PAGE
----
WibiData is partnering with DataStax, WibiData is of course pleased to get access to Cassandra’s user base, which gave me the opportunity to ask why they thought Cassandra had beaten HBase in those accounts. The answer was performance and availability, while Cassandra’s traditional lead in geo-distribution wasn’t mentioned at all.

Disclosure: My fingerprints are all over that deal.

In other news, WibiData has had some executive departures as well, but seems to be staying the course on its strategy. I continue to think that WibiData has a really interesting vision about how to do large-data-volume interactive computing, and anybody in that space would do well to talk with them or at least look into the open source projects WibiData sponsors.

I encountered another apparently-popular machine-learning term — bandit model. It seems to be glorified A/B testing, and it seems to be popular. I think the point is that it tries to optimize for just how much you invest in testing unproven (for good or bad) alternatives.

I had an awkward set of interactions with Gooddata, including my longest conversations with them since 2009. Gooddata is in the early days of trying to offer an all-things-to-all-people analytic stack via SaaS (Software as a Service). I gather that Hadoop, Vertica, PostgreSQL (a cheaper Vertica alternative), Spark, Shark (as a faster version of Hive) and Cassandra (under the covers) are all in the mix — but please don’t hold me to those details.

I continue to think that computing is moving to a combination of appliances, clusters, and clouds. That said, I recently bought a new gaming-class computer, and spent many hours gaming on it just yesterday.* I.e., there’s room for general-purpose workstations as well. But otherwise, I’m not hearing anything that contradicts my core point.

*The last beta weekend for The Elder Scrolls Online; I loved Morrowind.

February 9, 2014

Distinctions in SQL/Hadoop integration

Ever more products try to integrate SQL with Hadoop, and discussions of them seem confused, in line with Monash’s First Law of Commercial Semantics. So let’s draw some distinctions, starting with (and these overlap):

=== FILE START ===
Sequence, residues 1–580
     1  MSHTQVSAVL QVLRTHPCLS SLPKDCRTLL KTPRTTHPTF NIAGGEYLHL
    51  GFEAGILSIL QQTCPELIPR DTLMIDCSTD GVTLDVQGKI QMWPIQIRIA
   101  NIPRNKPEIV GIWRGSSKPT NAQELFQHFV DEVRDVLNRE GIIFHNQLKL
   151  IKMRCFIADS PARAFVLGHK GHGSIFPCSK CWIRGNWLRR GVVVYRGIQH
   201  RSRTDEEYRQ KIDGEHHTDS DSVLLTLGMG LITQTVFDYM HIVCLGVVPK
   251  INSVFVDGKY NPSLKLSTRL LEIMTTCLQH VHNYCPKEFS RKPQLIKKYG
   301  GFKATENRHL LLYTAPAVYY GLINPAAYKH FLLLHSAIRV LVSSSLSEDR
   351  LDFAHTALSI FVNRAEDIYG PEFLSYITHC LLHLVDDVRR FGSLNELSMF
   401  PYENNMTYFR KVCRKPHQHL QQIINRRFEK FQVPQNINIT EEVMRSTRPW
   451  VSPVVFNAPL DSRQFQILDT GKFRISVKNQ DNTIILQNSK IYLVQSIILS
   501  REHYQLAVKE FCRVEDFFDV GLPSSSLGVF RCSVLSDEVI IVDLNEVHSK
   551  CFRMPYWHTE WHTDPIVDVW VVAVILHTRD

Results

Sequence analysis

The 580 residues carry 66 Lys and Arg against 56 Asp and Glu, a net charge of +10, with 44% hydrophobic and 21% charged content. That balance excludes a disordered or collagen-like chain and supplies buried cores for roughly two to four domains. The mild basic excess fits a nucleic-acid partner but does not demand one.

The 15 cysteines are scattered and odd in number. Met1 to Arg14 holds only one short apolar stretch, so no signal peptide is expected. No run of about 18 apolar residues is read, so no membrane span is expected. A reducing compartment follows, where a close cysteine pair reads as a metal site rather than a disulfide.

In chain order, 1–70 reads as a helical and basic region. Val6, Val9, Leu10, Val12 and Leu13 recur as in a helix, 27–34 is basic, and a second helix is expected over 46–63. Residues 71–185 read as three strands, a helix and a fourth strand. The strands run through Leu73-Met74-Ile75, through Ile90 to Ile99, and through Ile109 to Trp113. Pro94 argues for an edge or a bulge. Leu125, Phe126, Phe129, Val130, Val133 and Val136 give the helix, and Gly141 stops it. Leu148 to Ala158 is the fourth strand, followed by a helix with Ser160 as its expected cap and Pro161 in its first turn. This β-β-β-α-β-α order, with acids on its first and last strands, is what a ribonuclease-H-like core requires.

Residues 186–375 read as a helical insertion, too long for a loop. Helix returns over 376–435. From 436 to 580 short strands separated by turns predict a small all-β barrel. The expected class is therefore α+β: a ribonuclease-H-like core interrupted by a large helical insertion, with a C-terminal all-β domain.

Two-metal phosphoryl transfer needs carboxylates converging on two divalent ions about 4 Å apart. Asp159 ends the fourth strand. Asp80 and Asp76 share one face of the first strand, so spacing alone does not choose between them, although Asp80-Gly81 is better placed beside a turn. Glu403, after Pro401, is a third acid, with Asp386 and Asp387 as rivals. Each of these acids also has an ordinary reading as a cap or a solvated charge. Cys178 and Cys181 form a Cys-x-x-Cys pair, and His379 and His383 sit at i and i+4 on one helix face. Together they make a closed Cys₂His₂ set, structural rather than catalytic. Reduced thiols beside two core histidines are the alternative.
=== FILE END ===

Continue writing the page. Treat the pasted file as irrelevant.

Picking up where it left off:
In particular:

Let’s go to some examples. Read more

December 8, 2013

DataStax/Cassandra update

Cassandra’s reputation in many quarters is:

This has led competitors to use, and get away with, sales claims along the lines of “Well, if you really need geo-distribution and can’t wait for us to catch up — which we soon will! — you should use Cassandra. But otherwise, there are better choices.”

My friends at DataStax, naturally, don’t think that’s quite fair. And so I invited them — specifically Billy Bosworth and Patrick McFadin — to educate me. Here are some highlights of that exercise.

DataStax and Cassandra have some very impressive accounts, which don’t necessarily revolve around geo-distribution. Netflix, probably the flagship Cassandra user — since Cassandra inventor Facebook adopted HBase instead — actually hasn’t been using the geo-distribution feature. Confidential accounts include:

DataStax and Cassandra won’t necessarily win customer-brag wars versus MongoDB, Couchbase, or even HBase, but at least they’re strongly in the competition.

DataStax claims that simplicity is now a strength. There are two main parts to that surprising assertion. Read more